6

I've played the London System for about 3 months and am liking it alot, however I have run across several games where Black played a weird, but good, move early in the opening, c5.

example: 1. d4 d5 2. Bf4 c5

Here, c5 is threatening to take on d4, a key position in the London System.

How does one play with a threatening move such as this with the London System, or what style of play has generally come of this move.

My last question, when Black plays c5, does this generally spell the end for typical London System lines, if played out with typical responses?

  • I'm trying to find viable routes to take because this move seems to breakdown the typical structure that the London System is played with. – TMcSquared Feb 26 '18 at 17:20
  • Refute does not always mean something is wrong, but rather stopping it in its tracks, I was not debating whether or not it was playable, but how to play against this move. – TMcSquared Feb 27 '18 at 0:11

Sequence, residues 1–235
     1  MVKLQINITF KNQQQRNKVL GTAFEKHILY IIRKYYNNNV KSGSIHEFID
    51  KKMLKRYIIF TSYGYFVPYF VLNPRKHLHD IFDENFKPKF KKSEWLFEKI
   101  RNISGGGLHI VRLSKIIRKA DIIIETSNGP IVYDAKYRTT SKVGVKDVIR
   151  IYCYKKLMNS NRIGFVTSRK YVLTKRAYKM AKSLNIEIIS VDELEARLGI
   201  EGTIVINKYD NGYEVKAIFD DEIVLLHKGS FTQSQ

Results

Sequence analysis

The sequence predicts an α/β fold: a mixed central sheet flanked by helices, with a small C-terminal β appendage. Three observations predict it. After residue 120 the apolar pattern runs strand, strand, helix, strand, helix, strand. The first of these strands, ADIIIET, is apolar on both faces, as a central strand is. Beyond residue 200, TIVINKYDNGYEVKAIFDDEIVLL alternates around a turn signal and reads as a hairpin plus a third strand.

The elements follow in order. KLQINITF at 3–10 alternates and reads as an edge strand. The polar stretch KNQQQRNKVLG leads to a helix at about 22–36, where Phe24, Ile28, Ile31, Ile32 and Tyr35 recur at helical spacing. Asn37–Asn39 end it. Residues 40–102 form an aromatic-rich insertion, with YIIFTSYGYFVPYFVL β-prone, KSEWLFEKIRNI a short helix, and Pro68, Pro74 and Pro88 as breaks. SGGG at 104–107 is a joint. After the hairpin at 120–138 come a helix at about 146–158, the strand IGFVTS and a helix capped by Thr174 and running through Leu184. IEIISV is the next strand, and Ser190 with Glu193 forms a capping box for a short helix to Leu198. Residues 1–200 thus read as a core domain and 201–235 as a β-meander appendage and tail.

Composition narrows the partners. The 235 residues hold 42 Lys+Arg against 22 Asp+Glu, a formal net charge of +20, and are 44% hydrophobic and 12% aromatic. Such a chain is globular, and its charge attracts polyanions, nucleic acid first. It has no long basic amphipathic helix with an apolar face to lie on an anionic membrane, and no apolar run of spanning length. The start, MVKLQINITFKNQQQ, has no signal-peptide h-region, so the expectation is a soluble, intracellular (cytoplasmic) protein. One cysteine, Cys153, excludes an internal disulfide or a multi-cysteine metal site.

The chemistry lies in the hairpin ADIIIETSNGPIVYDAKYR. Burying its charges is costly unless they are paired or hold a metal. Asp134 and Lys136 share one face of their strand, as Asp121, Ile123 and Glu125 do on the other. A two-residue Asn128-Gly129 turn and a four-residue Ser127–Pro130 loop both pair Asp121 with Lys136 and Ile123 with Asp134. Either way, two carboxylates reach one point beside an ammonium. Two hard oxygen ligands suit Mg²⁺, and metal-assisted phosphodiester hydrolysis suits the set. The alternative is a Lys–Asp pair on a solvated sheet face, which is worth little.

• 1
    ok, would the word reply work? – TMcSquared Feb 27 '18 at 3:02
  • Sure, if you rephrase your question title it would be more accurate is all. maybe "how to deal with ... " – Ywapom Feb 27 '18 at 4:03
5

How you respond depends on your tastes.

If you like tactical play then 3. e4 is the Morris Gambit. This is basically the Albin Counter Gambit with colours reversed and an extra tempo. It can lead to very exciting play.

If you are more conservative and prefer a quiet life then 3. e3 is the normal move when play can quickly return to more normal lines.

  • I haven't played 3. e4 often, but thanks for the answer, I'll be sure to try that out sometime. 3. e3 I have played several times, but often ending up with the king being in a tight spot. – TMcSquared Feb 26 '18 at 18:48
  • 2
    3. c3 works too – limits Feb 28 '18 at 20:29

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